Students Showcase their Talents at Pre-UIL Concert

Navigate Left
Navigate Right
  • Elliot Kim ’21 plays his solo in ‘Carnival Overture’. The Symphony Orchestra has been practicing this song since the beginning of the first semester.

  • Anant Malpani ’21 plays his solo in ‘Pitchfork’ from ‘American Gothic’. His solo was fast and resembled country style music.

    Nashitha Azeeez
  • The first violins play ‘Allegretto’ from ‘Symphony no. 7’. This song was a new piece that Symphony learned and didn’t play for the Midwest Clinic in December.

Navigate Left
Navigate Right

In preparation for their University Interscholastic League (UIL) competition on Tuesday, March 3, orchestra and band students performed their Pre-UIL concert on Thursday, Feb. 27 at 7 p.m. at the Raymond E. Hartfield Performing Arts Center (PAC). Both Philharmonic orchestras and the Symphony orchestra performed.

The first ensemble to perform was the third block Philharmonic orchestra conducted by Orchestra Director Joshua Thompson and Assistant Band Director Brandon Winters. An exciting start to the concert, the orchestra performed Turkish March composed by Ludwig van Beethoven, a rhythmic, fast-paced, and short melodic piece. Following that, they played Folk Songs of the British Isles, a medium-paced traditional song with a pretty melody that sounded like Irish music. The last song they played was The Great Locomotive Chase composed by Robert W. Smith, which had exciting buildups and parts where train whistles and bells mimicked the bustling energy of a train.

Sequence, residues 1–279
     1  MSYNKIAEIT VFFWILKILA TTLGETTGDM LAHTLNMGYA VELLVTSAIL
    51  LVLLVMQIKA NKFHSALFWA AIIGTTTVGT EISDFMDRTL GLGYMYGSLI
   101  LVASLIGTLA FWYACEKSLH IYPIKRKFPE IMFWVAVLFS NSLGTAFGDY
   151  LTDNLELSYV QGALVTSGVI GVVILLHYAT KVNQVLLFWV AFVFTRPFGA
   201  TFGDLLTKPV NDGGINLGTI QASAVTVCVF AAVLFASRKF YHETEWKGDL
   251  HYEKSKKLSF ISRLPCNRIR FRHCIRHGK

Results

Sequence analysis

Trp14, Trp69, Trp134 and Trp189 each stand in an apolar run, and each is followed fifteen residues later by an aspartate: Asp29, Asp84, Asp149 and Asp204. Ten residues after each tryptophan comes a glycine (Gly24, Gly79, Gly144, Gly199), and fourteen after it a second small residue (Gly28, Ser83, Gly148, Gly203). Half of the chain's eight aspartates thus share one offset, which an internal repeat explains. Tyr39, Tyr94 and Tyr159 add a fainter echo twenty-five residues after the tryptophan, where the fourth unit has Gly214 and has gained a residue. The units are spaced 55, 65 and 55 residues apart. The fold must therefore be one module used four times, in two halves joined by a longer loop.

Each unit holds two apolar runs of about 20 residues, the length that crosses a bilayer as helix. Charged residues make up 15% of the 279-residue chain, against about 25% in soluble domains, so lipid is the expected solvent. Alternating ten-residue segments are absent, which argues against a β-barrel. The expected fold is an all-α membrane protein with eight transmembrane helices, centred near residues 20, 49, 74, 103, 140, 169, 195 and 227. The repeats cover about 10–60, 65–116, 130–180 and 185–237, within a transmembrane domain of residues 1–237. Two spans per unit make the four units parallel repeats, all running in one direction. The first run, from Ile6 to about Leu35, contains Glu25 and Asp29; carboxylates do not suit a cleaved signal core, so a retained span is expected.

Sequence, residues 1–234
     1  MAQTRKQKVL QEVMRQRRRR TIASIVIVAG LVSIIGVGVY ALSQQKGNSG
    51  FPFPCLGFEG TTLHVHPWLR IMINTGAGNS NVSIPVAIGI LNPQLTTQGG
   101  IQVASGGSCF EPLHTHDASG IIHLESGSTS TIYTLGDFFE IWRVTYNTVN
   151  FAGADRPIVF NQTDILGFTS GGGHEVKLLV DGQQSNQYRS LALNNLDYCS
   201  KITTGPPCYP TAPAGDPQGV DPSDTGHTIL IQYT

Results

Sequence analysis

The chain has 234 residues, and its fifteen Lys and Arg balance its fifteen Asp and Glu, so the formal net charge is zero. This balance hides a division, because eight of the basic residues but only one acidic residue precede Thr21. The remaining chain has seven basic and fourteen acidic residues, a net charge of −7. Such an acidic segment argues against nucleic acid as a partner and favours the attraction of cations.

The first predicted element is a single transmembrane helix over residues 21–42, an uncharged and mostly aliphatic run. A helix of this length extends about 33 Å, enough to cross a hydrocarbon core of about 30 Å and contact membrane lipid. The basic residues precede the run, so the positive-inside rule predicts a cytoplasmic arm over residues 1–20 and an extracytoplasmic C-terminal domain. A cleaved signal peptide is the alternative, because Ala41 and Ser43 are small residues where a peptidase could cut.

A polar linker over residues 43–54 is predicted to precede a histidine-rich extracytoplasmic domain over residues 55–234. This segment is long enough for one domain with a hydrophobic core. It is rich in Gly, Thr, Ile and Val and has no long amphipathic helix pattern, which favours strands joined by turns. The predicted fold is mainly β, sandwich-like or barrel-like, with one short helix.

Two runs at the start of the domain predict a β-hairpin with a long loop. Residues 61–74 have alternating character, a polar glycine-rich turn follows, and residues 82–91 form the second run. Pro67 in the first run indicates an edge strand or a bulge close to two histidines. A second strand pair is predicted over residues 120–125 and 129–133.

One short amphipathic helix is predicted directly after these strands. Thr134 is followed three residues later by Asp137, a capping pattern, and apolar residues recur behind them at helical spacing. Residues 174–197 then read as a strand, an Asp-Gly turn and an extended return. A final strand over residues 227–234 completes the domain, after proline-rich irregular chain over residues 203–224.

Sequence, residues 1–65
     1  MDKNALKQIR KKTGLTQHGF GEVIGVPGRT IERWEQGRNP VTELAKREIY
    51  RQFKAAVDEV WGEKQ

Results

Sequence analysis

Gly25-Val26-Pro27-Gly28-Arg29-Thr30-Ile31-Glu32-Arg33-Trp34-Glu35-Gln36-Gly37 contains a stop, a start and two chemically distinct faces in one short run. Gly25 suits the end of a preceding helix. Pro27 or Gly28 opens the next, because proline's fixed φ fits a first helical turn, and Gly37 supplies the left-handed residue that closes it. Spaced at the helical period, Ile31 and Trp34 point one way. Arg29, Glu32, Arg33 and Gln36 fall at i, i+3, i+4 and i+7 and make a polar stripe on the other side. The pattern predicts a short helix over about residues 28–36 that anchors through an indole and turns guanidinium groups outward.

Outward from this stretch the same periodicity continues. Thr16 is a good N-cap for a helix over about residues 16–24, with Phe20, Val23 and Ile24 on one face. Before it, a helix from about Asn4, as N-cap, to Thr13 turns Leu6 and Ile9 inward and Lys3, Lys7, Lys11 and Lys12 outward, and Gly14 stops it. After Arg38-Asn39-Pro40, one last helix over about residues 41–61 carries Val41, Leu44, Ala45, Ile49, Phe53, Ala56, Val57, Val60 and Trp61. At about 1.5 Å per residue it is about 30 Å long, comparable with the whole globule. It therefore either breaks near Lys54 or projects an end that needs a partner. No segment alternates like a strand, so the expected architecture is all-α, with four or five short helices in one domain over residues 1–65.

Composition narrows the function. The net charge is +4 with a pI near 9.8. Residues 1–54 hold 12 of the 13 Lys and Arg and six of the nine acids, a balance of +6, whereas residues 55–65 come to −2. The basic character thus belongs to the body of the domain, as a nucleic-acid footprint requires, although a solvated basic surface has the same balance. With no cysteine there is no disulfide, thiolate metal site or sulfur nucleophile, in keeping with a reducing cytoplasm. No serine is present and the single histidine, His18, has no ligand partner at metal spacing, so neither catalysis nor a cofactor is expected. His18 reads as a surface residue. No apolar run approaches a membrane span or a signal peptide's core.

“One of our songs was about trains, and we got to create our own sound effects, which was super interesting and fun. I also liked the diversity of genres within our pieces,” Ayesha Middya ‘20 said.

Following their performance, the second block Philharmonic Orchestra played, conducted by Associate Orchestra Director Justin Anderson and Associate Band Director Brittany Dacy. The first piece they played was Joyride by Michael Markowski, a rhythmic piece consisting of various sounds played from different sections of the orchestra, and parts where the melody of Ode to Joy shines.This piece is a combination of A Short Ride in a Fast Machine by John Adams, and Ode to Joy by Beethoven. After that, they played Prelude to Act V by Carl Reinecke from the opera King Manfred, a slow melodic piece. They ended their performance with Dance Bacchanale from Samson and Delilah composed by Camille Saint-Saens, a fast and exciting piece with a slow section in the middle featuring the string section.

“I really liked Dance Bacchanale because it was a really interesting song, and everyone played it with a lot of energy, and I think it went really well,” Shoumik Roychowdhury ‘22 said.

Finishing the concert, the last group to perform was the Symphony Orchestra conducted by Mr. Thompson and Band Director Thomas Turpin. Two of the three songs this group performed were pieces they had prepared for the Midwest Clinic in Chicago in December. The first song they played, Carnival Overture by Antonin Dvorak, was one of the pieces they played for the Midwest Clinic. This piece mimicked the fun, energy, and excitement of a carnival while also containing more slower and reflective sections, featuring a solo by Elliot Kim ‘21. Afterwards, they performed Allegretto from Symphony no. 7 by Beethoven, a quiet but energetic song. To conclude the concert, the Symphony Orchestra performed Pitchfork from American Gothic composed by Michael Daugherty, another song they had prepared for the Midwest Clinic. There were strange and different sounds throughout the piece, and a solo performed by Anant Malpani ‘21.

“[Carnival Overture] was a piece we played for quite a while. We played it the first semester, and now we’re playing it again this semester,” Kim said. “I think it’s good to see our progress over the long amount of time that we’ve played this piece.”

After lots of hard work put into these pieces, the orchestras will perform for a panel of judges at UIL on Tuesday, March 3.